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Agria and New Hope look to pastures new
Date:2010/12/27      View:1085
PGG Wrightson Ltd shares rose the most in 14 months after a Chinese company bid to take partial control of New Zealand's largest agricultural services company.

Zhongshan-based Agria Corp and New Hope Group, a Chinese agriculture and food group, offered to pay 60 New Zealand cents (45 cents) a share to raise their stake to 50.01 percent, according to a statement issued after the close of trading on Thursday. The offer is 25 percent higher than the closing price on Dec 23.

PGG Wrightson gained 16.7 percent to 56 New Zealand cents as of the 4 pm close in Wellington. The gain was the biggest since October 2009.

The offer was made by Agria (Singapore) Pte Ltd, a company held by Agria and New Hope that currently has a 19.01 percent stake in Wrightson. The Christchurch-based company sold an 11 percent stake to Agria in October to help repay a NZ$200 million ($149 million) loan after a plunge in commodity prices and the value of Wrightson's investment in a Uruguay dairy venture forced a renegotiation of finances.

"PGW has underperformed expectations in recent times, including a recent profit downgrade," Agria Chief Executive Officer Xie Tao said in the statement. "PGW's business requires restructuring and a refocus on the core businesses."

Pyne Gould Corp, Wrightson's second-biggest shareholder, agreed to sell its 18.3 percent stake in the company to Agria, according to the statement. Wrightson is supportive of the offer, according to a separate statement issued by Pyne Gould on Friday. Wrightson recommended its investors don't sell shares until the offer is evaluated, the company said in a regulatory filing.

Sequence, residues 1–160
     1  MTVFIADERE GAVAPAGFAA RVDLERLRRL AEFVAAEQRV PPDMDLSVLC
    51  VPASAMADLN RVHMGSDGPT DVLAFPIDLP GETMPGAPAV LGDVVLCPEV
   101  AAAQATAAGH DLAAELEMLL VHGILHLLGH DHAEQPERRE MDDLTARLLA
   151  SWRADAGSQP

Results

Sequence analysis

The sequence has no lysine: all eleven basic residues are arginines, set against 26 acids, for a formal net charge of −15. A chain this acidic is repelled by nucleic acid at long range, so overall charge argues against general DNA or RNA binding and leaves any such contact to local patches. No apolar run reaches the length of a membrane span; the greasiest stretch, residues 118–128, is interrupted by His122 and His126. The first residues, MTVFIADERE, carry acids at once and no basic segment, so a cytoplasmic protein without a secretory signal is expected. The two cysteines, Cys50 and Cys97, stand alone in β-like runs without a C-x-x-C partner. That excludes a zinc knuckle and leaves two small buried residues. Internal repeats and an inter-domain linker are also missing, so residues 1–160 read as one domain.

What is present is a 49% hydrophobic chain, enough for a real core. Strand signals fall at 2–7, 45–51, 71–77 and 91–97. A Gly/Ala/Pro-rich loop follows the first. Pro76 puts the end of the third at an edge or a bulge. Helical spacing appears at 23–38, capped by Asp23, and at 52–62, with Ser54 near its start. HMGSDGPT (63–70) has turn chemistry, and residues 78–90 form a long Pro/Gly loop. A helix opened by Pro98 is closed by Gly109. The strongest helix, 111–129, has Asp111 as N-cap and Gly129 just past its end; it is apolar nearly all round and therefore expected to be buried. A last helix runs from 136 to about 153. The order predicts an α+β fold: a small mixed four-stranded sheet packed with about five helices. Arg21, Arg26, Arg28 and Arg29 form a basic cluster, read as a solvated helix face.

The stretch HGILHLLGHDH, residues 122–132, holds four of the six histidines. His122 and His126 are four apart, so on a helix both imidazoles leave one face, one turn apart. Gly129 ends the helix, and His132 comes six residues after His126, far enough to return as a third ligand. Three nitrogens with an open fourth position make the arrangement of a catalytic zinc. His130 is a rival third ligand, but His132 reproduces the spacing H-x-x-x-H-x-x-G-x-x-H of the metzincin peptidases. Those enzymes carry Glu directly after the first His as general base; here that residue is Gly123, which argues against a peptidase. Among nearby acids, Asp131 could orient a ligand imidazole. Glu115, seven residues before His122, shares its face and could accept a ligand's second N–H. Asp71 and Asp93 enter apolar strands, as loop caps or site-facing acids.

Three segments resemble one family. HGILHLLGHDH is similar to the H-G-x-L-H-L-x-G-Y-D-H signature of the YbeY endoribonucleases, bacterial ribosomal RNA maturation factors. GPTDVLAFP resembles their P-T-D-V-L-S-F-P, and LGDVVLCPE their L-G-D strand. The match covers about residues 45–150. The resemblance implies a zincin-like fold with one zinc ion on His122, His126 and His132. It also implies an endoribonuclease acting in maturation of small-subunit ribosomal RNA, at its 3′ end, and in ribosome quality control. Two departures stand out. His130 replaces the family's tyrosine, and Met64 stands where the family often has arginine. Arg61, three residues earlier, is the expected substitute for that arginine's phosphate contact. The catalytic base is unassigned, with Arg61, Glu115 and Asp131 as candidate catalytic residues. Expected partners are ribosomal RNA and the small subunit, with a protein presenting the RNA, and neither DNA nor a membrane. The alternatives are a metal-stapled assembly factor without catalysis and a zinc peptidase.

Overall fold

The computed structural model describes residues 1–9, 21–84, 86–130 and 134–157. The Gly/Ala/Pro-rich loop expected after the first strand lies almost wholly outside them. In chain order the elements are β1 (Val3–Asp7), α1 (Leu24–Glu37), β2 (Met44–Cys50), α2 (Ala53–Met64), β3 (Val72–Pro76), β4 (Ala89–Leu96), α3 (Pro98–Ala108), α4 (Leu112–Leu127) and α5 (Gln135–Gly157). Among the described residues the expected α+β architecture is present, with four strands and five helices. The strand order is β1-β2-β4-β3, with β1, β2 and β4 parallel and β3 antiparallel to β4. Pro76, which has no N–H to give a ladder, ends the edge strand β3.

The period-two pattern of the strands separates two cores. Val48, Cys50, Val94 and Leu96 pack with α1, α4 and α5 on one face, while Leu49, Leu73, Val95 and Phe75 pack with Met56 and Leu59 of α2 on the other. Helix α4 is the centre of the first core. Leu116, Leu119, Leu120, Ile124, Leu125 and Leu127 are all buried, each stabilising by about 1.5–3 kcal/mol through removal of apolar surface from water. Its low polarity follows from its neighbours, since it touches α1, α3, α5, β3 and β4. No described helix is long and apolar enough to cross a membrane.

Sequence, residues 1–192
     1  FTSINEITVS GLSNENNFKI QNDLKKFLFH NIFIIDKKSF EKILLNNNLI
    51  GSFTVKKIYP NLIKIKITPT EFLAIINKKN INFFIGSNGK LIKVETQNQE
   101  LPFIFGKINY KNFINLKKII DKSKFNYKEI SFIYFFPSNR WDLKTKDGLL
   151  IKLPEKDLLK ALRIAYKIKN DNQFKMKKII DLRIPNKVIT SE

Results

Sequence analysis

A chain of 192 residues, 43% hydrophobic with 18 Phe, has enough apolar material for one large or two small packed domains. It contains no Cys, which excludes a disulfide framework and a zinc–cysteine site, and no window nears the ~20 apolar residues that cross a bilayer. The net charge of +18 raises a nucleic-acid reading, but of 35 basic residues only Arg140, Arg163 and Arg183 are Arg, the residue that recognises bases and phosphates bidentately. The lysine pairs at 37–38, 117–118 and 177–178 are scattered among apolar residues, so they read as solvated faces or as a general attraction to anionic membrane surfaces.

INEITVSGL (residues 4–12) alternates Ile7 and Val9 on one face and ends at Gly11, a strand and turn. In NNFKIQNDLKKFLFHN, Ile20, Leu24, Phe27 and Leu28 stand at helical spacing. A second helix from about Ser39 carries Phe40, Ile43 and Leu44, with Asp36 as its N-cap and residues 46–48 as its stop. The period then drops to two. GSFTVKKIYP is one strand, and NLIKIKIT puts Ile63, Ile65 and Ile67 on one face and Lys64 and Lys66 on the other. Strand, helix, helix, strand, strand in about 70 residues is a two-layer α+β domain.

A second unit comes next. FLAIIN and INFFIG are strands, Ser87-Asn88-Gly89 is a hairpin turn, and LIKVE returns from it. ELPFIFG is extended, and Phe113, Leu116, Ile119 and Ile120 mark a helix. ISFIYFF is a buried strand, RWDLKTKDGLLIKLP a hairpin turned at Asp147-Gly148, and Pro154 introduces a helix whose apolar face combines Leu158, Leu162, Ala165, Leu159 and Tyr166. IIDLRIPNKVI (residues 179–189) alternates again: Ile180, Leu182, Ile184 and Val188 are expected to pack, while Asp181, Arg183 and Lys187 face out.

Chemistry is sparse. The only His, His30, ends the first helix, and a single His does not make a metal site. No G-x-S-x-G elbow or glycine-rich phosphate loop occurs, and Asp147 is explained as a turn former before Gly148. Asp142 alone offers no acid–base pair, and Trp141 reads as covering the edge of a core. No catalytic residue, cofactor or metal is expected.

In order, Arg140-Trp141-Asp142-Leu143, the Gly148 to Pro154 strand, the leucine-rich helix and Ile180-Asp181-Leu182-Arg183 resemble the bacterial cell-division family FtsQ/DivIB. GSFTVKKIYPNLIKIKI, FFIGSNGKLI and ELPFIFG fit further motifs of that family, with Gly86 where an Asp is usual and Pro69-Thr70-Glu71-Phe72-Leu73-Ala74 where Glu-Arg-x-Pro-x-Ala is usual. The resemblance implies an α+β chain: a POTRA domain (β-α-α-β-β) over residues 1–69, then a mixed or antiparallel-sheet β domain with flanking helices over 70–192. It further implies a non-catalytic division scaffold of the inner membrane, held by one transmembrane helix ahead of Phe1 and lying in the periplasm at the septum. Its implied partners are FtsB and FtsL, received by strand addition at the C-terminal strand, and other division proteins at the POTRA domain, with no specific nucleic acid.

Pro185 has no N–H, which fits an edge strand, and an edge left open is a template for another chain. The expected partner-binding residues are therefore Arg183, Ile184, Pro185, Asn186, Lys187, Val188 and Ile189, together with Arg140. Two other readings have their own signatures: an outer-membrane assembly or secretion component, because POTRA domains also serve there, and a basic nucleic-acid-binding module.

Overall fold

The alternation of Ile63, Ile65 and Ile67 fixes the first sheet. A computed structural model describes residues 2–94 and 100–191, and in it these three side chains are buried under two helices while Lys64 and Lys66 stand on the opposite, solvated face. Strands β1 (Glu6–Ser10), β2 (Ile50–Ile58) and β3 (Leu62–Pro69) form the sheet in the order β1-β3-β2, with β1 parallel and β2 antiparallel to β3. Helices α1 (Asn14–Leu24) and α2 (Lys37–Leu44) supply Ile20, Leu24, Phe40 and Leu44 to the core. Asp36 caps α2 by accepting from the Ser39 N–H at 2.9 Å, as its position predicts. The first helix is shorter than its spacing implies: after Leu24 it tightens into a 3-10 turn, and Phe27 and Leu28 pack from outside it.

Agria will pay NZ$141 million for the new stock and won't increase its shareholding above 50.01 percent if the bid is successful, or make a further offer at a higher price for a period of 12 months, according to the statement.

The offer is conditional on government approvals. New Zealand this week rejected a bid by China's Natural Dairy (NZ) Holdings Ltd to buy land assets because the application didn't meet "good character" criteria. The rejection came after the government in September gave ministers greater power to quash sales of large farm blocks and other sensitive land amid rising concern about foreign ownership in key industries.

Agria, Wrightson's biggest shareholder, develops corn seed varieties and runs sheep-breeding operations and tree nurseries in China. The company acquired an 11 percent stake in Wrightson in October last year and another 8 percent a month later.

Chengdu-based co-operative New Hope is one of China's largest agricultural and food companies and reported revenue of about $60 billion yuan ($9 billion) in 2010, according to the statement.

Wrightson on Friday appointed George Gould managing director starting Feb 1, according to a statement sent to the stock exchange. He replaces Tim Miles, who resigned on Oct 19 after the company said it was considering a new strategy.

The company last week lowered its full-year earnings forecast, citing difficult first-half trading conditions on the nation's farms.
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